About this book
Even elementary school students of today know that electronics can do fan tastic things. Electronic calculators make arithmetic easy. An electronic box connected to your TV set provides a wonderful array of games. Electronic boxes can translate languages! Electronics has even changed watches from a pair of hands to a set of digits. Integrated circuit (IC) chips, which use transistors to store information in binary form and perform binary arithmetic, make all of this possible. In just a short twenty years, the field of inte grated circuits has progressed from chips containing several transistors performing simple functions such as OR and AND functions to chips presently available which contain thousands of transistors performing a wide range of memory, control and arithmetic functions. In the late 1970's Very Large Scale Integration (VLSI) caught the imagin ation of the industrialized world. The United States, Japan and other coun tries now have substantial efforts to push the frontier of microelectronics across the one-micrometer barrier and into sub-micrometer features. The achievement of this goal will have tremendous impl ications, both technolo gical and economic for the countries involved.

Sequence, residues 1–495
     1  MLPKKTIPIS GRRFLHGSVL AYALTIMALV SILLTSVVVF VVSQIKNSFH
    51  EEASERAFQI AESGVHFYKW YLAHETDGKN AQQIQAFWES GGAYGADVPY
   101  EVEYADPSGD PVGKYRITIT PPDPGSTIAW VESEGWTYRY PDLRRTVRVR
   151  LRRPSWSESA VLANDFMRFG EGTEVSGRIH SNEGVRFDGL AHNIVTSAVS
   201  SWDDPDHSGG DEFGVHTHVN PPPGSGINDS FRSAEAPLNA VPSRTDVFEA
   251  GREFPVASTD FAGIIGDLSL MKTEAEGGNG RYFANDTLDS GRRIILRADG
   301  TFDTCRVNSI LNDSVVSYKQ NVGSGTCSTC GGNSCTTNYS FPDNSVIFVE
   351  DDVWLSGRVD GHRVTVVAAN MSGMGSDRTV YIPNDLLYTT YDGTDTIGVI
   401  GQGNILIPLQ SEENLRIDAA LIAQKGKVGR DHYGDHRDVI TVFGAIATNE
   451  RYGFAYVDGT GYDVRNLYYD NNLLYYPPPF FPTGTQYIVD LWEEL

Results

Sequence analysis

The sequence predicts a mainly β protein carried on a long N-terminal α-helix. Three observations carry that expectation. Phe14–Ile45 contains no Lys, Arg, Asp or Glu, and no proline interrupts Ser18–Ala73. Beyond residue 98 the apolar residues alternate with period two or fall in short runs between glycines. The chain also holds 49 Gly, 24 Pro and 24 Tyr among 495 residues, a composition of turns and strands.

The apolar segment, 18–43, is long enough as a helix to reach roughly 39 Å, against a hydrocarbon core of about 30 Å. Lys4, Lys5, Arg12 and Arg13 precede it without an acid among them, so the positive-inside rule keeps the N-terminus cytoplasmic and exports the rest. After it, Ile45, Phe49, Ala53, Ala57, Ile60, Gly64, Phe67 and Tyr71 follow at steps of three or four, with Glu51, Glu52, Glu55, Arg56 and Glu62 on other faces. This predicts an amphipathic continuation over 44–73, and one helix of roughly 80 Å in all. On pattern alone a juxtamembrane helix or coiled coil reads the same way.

Apertur LSI Planar VLSI circuit control electronics evolution image processing integrated circuit interference memory optics semiconductor simulation